Stella Leventoyannis Harvey

2016 Summer Book Recommendations – Part 1

“We shouldn’t teach great books: we should teach a love of reading.” B.F. Skinner

Each year at this time I provide you with some of my book recommendations. As I write this, the sun is warming my back as I sit at my desk. Fluffy white clouds roll over the mountains. Summer has arrived. There’s no better time to discover a good book.

Here are my fiction recommendations:

Fifteen Dogs by André Alexis. The 2015 Scotia Giller Prize winning novel about dogs who are given human intelligence by the Gods, Hermes and Apollo. A wonderful study of character, it is painful in many ways and cynical, but well written and thought provoking.

Did You Ever Have a Family by Bill Clegg. On the night before her daughter’s wedding, June Reid loses her daughter, her daughter’s fiancé, her ex-husband, and boyfriend in a tragic house fire. Grief stricken, June drives across the country to Washington and the facts around the fire unfold. Beautifully told from different points of view. I enjoyed how the story skirts between the present and the past.

The Blackhouse by Peter May. Part of the Lewis mystery trilogy the novel centers around a murder on the Isle of Lewis in Scotland, a desolate place where Detective Fin MacLeod was raised and now must return to solve a murder. Focuses as much on strong character development as it does on plot.

The Lesser Blessed by Richard Van Camp. Follows the exploits of Larry Sole, a First Nations teen in a northern community. A fire that killed his father impacts his memory and his relationships. This is the 20th anniversary release of the novel. It is raw portrayal of life in remote northern communities.

The Night Stages by Jane Urquhart. Three characters, three stories that only come together as their lives intersect. At it’s core is a mural that one character contemplates as she sits in the Gander airport wondering where she goes from here. I loved the unfolding of Tam, Niall, Kieran, and Kenneth’s stories. I loved Gerry-Ann, her unconditional love for Kieran and his damaged family. I loved the landscape the beautiful, beautiful descriptions, and the compassionate hand by which the author unfolds the complicated love and competitiveness of siblings.

The Heaviness of Things That Float by Jennifer Manuel. Just days from retirement as a nurse on a northern reserve, Bernadette is thrown into a desperate search for Chase Charlie, a man she has always treated as a son. The novel explores the issue of whether outsiders can ever be fully accepted in First Nations communities. Beautiful descriptions of place. I loved the insight into the foibles of being human.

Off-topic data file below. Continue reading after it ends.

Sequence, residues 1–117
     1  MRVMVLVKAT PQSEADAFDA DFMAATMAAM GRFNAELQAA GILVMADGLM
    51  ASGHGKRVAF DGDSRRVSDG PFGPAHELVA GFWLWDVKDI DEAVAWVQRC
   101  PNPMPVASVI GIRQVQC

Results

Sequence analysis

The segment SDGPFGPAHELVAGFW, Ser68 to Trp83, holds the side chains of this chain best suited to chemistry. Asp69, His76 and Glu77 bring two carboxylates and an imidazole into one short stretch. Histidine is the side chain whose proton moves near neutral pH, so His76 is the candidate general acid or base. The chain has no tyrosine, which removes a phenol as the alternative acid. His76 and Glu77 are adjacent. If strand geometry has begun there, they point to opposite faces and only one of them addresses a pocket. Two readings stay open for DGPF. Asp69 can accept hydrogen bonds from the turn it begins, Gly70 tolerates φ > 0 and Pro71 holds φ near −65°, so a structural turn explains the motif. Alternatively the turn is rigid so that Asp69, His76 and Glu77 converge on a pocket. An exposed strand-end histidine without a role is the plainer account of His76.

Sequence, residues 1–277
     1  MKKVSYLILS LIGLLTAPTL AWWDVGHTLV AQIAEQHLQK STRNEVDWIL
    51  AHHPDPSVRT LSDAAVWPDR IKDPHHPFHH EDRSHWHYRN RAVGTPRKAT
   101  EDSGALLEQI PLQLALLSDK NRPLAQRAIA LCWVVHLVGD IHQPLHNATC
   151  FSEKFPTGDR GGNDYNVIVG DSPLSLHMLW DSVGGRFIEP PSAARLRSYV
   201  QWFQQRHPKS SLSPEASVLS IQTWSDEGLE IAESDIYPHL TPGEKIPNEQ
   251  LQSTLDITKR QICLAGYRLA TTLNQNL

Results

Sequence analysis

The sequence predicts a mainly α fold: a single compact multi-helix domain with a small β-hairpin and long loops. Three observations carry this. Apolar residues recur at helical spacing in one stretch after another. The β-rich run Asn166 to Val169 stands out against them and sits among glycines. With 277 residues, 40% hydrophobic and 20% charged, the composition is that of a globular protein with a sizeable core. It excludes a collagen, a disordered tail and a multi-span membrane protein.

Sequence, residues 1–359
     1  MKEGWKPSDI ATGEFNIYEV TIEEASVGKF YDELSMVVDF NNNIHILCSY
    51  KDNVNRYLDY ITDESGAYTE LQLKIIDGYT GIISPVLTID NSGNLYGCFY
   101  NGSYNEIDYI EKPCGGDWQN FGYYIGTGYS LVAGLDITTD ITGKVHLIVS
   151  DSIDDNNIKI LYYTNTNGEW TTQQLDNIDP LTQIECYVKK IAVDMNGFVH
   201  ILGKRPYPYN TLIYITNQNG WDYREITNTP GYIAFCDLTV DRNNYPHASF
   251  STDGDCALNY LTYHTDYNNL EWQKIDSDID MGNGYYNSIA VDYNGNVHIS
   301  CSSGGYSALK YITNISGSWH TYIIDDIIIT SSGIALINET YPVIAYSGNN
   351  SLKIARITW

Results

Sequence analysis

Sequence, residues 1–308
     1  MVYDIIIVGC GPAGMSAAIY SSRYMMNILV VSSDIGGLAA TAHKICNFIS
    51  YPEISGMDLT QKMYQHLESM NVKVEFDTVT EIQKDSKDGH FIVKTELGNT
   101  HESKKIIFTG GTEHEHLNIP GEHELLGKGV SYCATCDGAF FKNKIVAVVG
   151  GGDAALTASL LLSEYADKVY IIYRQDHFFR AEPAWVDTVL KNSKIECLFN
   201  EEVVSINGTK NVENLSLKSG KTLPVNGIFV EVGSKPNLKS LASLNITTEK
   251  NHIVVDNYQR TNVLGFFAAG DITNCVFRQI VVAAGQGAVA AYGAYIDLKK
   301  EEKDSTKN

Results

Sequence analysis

The Little Red Chairs by Edna O’Brien. A self-help healer comes into a small Irish village and woos the town especially, childless, unhappy Fidelma. When the healer is discovered to be a wanted war criminal, the village turns on Fidelma. Through Fidelma and Dr. Vlad and all the other characters in this novel, we are able to see inside the world of those who persecute and those who flee persecution.

Chronicler of the Winds by Henning Mankell. A baker in a port city in Africa finds a street kid who has been shot. Neilo asks the baker to take him to the roof of a building. He doesn’t want to go to a hospital. On the roof, he tells the story of his life. There are street kids and child soldiers all over the world. This is the story of just one. In telling it, the author opens our eyes and hearts to the plight of all others.

Going Down Swinging by Billie Livingston. The novel is told from the perspective of an alcoholic mother, Eileen and her eight-year-old daughter, Grace who strive to stay together. The book has a number of official looking social service forms and reports throughout. It’s an interesting juxtaposition. In the characters we see and feel the love they share. They don’t want to be separated. And yet, a social worker’s job is to protect. The question remains, what further harm is done when a child is taken away from her mother?

A Little Life by Hanya Yanagihara. I’ve already written a full review of this novel in a former blog, but it has to make this list in case you missed the review. The question at the heart of the novel: is it possible to outrun childhood trauma? Can a person achieve more than he had ever hoped to and still believe the lies he was told about himself and the abuse he withstood as a child? The answer is complicated. I would highly recommend this novel, but given the subject matter and its 800 plus pages, it is not for the faint of heart. Be forewarned.

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